This will be the only post for today. Please light a candle in memory of the people and animals who have died over the centuries to keep the restof of us safe.

I ask you to not only remember the brave men, women, and animals that served in the USA armed forces but also their family and friends. Remember to the men, women, animals, family, and friends of those who gave their life in the line of duty as a First Responder.

May those who remember rest peacefully in the Summerlands.

May their family and friends find comfort and support to help ease their grief.

So mote it be.

The Witches library

 

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Witch medicine is wild medicine. It does more than make one healthy, it creates lust and knowledge, ecstasy and mythological insight. In Witchcraft Medicine the authors take the reader on a journey that examines the women who mix the potions and become the healers; the legacy of Hecate; the demonization of nature’s healing powers and sensuousness; the sorceress as shaman; and the plants associated with witches and devils. They explore important seasonal festivals and the plants associated with them, such as wolf’s claw and calendula as herbs of the solstice and alder as an herb of the time of the dead–Samhain or Halloween. They also look at the history of forbidden medicine from the Inquisition to current drug laws, with an eye toward how the sacred plants of our forebears can be used once again.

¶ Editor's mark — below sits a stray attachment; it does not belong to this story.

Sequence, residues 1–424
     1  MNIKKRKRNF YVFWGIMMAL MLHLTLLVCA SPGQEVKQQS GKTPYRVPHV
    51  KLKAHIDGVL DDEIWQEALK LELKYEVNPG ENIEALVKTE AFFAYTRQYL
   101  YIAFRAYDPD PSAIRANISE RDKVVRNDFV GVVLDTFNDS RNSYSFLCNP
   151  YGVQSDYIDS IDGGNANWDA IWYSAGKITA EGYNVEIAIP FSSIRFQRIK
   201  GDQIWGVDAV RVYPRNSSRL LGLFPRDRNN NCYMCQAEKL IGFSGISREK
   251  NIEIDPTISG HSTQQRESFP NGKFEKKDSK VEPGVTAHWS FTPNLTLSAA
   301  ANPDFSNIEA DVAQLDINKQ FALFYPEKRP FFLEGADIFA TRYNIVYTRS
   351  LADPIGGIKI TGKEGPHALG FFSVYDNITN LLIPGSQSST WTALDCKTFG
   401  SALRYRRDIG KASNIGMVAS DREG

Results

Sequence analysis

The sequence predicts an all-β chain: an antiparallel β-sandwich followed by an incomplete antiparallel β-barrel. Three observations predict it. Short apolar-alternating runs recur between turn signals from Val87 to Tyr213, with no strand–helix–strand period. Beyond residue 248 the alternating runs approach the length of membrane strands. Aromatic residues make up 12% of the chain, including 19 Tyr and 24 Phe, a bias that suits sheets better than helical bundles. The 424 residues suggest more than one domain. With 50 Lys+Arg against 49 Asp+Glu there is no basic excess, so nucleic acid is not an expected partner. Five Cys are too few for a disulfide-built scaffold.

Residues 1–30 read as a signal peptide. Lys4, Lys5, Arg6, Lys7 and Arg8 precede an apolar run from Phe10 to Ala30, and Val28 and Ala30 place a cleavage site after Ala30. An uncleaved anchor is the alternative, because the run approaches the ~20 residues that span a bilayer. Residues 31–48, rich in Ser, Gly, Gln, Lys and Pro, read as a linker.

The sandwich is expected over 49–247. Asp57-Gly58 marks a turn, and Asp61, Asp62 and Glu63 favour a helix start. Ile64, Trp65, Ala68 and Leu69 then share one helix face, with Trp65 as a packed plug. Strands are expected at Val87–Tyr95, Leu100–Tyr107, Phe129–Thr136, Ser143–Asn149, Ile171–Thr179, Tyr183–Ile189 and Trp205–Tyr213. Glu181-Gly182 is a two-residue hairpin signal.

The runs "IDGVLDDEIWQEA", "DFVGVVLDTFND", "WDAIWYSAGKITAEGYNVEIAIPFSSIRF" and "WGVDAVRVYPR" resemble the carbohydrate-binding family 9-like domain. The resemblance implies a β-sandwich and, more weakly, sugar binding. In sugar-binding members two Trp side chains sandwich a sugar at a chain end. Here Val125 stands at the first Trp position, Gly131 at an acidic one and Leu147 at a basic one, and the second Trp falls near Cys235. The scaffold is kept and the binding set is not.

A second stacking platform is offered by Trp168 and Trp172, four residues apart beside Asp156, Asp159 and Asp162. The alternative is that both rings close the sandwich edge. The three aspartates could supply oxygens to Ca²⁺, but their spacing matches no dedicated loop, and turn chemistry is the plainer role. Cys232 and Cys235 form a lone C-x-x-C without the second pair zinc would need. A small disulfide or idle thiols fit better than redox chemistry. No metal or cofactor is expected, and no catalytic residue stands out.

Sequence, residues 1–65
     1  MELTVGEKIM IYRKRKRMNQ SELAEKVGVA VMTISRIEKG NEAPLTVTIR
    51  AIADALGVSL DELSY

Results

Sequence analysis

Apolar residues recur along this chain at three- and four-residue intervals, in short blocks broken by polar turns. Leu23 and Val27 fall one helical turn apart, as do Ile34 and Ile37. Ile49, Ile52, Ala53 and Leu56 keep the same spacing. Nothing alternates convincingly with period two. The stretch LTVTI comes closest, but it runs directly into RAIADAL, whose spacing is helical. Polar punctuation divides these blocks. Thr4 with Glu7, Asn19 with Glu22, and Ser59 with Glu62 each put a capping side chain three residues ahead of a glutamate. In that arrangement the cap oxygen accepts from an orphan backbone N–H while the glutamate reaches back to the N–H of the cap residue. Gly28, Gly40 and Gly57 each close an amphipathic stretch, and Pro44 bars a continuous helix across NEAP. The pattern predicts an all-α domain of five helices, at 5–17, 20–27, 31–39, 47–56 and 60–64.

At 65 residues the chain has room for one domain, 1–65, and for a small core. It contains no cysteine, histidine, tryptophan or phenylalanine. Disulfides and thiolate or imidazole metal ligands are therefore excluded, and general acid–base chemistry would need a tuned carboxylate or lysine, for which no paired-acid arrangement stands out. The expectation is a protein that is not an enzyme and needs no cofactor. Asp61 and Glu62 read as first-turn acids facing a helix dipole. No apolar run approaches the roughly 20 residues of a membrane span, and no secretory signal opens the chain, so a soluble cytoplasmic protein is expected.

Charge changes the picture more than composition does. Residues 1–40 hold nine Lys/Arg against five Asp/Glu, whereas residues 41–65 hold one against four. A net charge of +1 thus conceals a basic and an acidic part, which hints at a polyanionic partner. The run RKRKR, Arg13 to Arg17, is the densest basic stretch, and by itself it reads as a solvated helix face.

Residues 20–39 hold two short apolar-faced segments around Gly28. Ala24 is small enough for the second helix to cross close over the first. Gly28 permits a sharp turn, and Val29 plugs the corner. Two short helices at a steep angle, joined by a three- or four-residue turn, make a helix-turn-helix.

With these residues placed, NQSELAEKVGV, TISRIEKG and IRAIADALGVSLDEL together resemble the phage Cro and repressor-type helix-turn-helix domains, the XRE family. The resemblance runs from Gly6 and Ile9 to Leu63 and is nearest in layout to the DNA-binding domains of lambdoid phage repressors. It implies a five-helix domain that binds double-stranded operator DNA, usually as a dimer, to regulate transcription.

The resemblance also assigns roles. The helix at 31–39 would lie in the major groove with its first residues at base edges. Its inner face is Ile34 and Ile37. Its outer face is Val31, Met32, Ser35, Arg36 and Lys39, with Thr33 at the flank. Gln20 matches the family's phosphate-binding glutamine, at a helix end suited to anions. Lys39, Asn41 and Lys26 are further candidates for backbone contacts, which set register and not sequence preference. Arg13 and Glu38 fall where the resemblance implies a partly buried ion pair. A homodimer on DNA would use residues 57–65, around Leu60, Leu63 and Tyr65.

Really loved this book and would recommend it anyone, from novice to long time established practitioners. Happy reading and blessings.

Tracing back the ancient origins of April Fools’ Day

On 1 st April every year, people around the world celebrate April Fools’ Day, sometimes called All Fools’ Day, a day when merriment and joviality is supposed to reign and pranks, practical jokes, and hoaxes are socially sanctioned.  The tradition of April Fools’ Day has been observed for at least five centuries, but evidence suggests it traces back nearly two millennia or more.  Despite the day being marked by many countries around the world, there is still little agreement as to its true origins.

A popular theory suggests that April Fools’ day is a remnant of early ‘renewal festivals’ which took place in many different cultures to mark the beginning of spring. The Romans, for example, had a festival named Hilaria on 25 th March, which they marked with masquerades and “general good cheer.” According to the Museum of Hoaxes , these festivities typically involved “ritualized forms of mayhem and misrule.”  Participants donned disguises, played tricks on friends as well as strangers, and inverted the social order.

To read the rest of this article please click on this link: History of April Fools Day

The Ancient Pagan Origins of Easter